Tester, Baucus staffs meet with Ravalli County groups on wolves

Ravalli Republic

by Will Moss

The Ravalli County Fish and Wildlife Association hosted an informational meeting at the Bitterroot National Forest headquarters in Hamilton Tuesday evening to explore legislative options for returning the management of Montana's gray wolf population to the state.

The meeting focused on a bill that senators Jon Tester and Max Baucus introduced in September that would remove the gray wolf from the federal threatened or endangered species lists in Montana and Idaho, pending approval of each state's wolf management plan by the Secretary of the Interior.

Staff of both Democratic senators were in attendance, as was Montana Wildlife Federation conservation director Ben Lamb and a number of local politicians.

"I was fairly encouraged after hearing what the Baucus and Tester people had to say," said RCFWA president Tony Jones, "that something legislative could get done that will bring us a quicker fix."

Jones was also pleased that the senators' staff seemed to recognize the urgency that many in Ravalli County feel.

"We don't have time like the other areas in the state and they were aware of that," he said. "For the Bitterroot, time is of the essence and not only did they know that, but they were writing notes. So, that was good."

Lamb voiced his support for the bill, especially the way that it addresses the U.S. District Court ruling handed down in August by Judge Donald Molloy, which ended the states' planned management hunts.

"We read it over and it looked pretty good to us, in that it directly addressed Judge Molloy's main concern which was that you can't delist a distinct population segment based on political boundaries," Lamb explained. "The bill gives the Fish and Wildlife Service the authority to do that."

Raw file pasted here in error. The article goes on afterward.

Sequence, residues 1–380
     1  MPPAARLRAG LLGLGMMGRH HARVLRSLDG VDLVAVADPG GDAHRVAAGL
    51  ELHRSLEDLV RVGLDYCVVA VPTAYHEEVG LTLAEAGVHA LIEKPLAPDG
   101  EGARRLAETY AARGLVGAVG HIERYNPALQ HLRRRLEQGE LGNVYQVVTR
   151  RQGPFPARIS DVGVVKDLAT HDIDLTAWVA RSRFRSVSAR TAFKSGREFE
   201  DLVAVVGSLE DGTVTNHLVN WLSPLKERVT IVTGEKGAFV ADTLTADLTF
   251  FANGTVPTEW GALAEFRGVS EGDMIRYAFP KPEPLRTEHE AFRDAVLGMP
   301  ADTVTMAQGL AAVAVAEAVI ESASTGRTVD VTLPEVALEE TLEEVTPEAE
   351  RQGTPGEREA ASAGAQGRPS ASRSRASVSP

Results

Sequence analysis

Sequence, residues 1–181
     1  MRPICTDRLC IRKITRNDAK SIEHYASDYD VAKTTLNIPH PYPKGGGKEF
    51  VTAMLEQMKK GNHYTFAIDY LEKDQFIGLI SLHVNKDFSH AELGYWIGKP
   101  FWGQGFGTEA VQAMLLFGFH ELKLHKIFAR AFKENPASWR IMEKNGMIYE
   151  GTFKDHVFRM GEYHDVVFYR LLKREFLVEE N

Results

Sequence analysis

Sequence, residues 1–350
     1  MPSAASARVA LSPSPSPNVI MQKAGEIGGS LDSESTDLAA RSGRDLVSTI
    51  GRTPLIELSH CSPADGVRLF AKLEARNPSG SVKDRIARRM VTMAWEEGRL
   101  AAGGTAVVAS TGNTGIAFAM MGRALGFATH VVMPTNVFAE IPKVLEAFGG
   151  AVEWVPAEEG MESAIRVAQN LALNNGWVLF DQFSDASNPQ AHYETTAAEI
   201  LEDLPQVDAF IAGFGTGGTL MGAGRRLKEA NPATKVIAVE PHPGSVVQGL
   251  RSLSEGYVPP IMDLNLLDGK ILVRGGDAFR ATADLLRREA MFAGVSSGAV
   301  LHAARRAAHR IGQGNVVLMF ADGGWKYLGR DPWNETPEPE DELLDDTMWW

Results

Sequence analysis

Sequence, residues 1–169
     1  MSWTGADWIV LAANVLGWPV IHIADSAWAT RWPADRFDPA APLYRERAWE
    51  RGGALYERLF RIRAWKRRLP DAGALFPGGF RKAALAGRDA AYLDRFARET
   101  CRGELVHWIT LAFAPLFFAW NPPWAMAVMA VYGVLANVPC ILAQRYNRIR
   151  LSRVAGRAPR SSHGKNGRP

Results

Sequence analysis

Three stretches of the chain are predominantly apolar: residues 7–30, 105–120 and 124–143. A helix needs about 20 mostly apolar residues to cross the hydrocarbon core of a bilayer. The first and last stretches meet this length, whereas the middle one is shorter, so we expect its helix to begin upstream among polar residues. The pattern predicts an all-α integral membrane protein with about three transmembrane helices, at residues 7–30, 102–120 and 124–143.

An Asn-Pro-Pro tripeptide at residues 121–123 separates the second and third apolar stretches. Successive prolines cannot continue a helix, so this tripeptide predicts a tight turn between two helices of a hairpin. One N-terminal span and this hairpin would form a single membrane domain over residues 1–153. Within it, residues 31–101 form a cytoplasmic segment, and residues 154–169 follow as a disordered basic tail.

The bill walks a fine line, Lamb added, that doesn't go to the full extent of permanently removing the gray wolf from ESA protections in the states, as Republican Rep. Denny Rehberg's bill would do; a caveat that environmental groups may find more palatable.

"It's a very simple bill, but it's really a very brilliant bill," Lamb said.

Earlier this month, Montana Fish, Wildlife and Parks moved forward with a request to the USFWS to invoke the ESA's 10(j) rule in the West Fork of the Bitterroot which would allow for wolf management to protect ungulate populations.

The RCFWA backed that request, which is currently up for public comment, but is still seeking other means of reinstating state wolf management.

"We've pushed this 10(j) thing as far as we can go and it's kind of out of our hands now," said Jones. "So, we're looking for the next thing to back that's going to help solve this situation and do it the quickest and legislation looks like it's the next quickest permanent fix."

The link to comment on the 10(j) proposal is available at www.surveymonkey.com/s/D3ZL3GL